I heard you had a pretty lightweight apprenticeship, as far as actual guidance, and that your dissatisfaction with your skill level led you to seek information elsewhere. What was that like?
“I have a lot of pride in the fact that everything I have and know about tattooing has been built with my own two hands and obsession. I remembering scouring magazines and books and even photos to see if I could find any labels or names on bottles of ink or boxes of needles from tattooers I admired just for a little hint. Learning on my own has also kept me extremely humble and open to new techniques, which I definitely appreciate.”
Who has influenced you the most along your way?
Oh man. The list is huge. First and for most, my brothers in arms Sean Rhodes of Honor and Iron in Lewes, DE, and Kris Dilworth of Tough Luck in Rehoboth/Dover, DE. Without them I probably wouldn’t be where I am today. They’ve really taught me a lot. I really like Seth Wood’s work a lot, as well as Xam and Valarie Vargas–their designs are so thought out–relatively simple yet dynamic. I’ve been a follower of Mike Giant since high school; Ryan mason, Wendy Pham, Scott Silvia, Eckel, Matty Mooney, Nate Kostechko Tim Hoyer, Tim Hendricks, everyone from Skull and Sword, Bart Bingham, Jasmine Wright, Jim Sylvia…I can go on forever…and I’m sure I’d still miss some. There’s always someone out there doing cool shit. Outside of tattooing, Mucha’s work influences me a lot, as well as old 1800s engravings and scientific illustrations.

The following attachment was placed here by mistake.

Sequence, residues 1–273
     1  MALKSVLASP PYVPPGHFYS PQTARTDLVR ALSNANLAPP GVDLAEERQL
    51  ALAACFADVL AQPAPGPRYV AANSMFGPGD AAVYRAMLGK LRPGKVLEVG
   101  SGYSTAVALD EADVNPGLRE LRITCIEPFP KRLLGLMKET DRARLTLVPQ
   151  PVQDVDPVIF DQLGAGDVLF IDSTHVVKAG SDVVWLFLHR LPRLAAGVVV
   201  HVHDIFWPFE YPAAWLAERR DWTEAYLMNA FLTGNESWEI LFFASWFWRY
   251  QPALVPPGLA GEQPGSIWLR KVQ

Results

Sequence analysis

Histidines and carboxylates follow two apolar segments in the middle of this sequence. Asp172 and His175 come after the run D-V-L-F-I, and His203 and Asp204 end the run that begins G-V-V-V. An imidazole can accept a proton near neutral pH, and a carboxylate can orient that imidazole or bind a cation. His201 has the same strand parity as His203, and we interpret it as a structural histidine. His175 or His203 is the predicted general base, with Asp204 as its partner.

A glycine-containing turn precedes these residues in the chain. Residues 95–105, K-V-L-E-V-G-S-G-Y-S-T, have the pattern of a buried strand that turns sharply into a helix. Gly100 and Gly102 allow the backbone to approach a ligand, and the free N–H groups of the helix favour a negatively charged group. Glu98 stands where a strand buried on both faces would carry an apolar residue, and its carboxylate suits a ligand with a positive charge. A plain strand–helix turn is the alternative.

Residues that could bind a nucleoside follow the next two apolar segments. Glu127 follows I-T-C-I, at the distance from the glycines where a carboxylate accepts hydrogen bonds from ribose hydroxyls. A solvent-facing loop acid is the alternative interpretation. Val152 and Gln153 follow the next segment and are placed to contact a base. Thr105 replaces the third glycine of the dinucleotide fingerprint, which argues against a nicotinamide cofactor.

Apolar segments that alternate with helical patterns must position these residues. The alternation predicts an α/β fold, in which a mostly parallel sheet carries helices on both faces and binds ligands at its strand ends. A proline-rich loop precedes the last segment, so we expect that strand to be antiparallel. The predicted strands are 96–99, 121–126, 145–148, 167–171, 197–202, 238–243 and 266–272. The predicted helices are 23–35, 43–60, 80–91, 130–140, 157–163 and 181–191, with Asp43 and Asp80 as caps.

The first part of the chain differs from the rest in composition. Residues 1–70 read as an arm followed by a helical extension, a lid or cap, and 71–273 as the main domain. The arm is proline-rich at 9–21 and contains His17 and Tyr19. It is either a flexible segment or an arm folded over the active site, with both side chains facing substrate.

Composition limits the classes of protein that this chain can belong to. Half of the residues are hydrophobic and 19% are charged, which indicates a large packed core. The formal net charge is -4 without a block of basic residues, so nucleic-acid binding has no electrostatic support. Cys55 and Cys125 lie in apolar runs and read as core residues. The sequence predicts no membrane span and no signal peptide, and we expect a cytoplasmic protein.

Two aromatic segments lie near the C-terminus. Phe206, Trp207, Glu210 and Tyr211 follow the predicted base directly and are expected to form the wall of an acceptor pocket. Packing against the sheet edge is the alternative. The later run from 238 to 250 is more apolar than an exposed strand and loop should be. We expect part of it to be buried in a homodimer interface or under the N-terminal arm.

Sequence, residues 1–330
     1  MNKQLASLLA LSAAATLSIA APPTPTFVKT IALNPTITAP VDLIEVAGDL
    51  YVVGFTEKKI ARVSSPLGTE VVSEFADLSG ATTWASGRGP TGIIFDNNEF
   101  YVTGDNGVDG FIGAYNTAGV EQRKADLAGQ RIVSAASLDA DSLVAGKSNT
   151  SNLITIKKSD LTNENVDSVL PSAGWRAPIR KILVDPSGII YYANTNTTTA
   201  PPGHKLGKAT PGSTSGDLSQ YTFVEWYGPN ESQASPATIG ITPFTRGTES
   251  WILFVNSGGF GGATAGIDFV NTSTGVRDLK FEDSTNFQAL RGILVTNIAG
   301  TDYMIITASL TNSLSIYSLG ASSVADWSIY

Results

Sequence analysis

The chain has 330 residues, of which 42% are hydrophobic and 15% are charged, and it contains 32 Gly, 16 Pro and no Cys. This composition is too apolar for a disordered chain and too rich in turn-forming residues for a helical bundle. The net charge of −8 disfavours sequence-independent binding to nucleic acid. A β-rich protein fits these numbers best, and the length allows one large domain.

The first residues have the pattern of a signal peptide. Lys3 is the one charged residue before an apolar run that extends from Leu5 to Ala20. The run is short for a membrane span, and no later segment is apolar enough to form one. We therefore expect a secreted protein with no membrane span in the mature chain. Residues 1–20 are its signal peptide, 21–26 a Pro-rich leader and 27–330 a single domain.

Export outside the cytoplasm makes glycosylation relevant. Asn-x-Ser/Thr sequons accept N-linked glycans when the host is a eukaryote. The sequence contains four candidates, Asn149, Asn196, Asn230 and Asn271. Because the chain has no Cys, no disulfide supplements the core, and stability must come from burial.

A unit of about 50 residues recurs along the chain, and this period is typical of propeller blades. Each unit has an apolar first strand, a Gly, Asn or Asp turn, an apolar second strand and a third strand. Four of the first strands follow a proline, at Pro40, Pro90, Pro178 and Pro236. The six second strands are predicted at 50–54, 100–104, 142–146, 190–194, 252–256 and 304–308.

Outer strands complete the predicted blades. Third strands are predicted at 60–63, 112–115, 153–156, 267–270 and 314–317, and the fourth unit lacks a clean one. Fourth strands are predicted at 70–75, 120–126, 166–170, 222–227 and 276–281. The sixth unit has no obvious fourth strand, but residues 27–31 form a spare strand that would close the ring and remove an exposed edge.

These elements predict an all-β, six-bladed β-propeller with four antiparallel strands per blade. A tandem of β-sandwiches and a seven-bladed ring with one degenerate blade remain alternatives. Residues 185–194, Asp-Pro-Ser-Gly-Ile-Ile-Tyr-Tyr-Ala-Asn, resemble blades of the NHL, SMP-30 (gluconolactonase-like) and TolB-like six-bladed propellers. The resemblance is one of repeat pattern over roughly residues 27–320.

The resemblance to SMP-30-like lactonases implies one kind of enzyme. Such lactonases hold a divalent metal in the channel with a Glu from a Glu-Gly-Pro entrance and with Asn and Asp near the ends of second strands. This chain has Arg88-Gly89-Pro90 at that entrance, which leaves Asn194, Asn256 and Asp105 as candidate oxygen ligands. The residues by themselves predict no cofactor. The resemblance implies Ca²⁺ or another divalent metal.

How would you describe your style?
“I guess it would be considered “Neo-Traditional” in the aspect that it’s traditionally based, but not traditionally ruled. I’m definitely more on the traditional side of things, but I don’t adhere to any strict rules. I use bold lines in conjunction with fine lines and a limited pallet, though wider than red, green and yellow. Coming from a illustration/animation background, there’s definitely some illustrative qualities and exaggerations. Kelly Doty once decried my style as being “occultish/alchemic”– I like that… and I think it’s pretty accurate. So…occultish-illustrative-traditional. I also do a lot of lettering, and line work “pen and ink” style tattooing.
And you’re loyal to the coil, correct? Why? What’s your daily driver? What’s the most unique machine you own?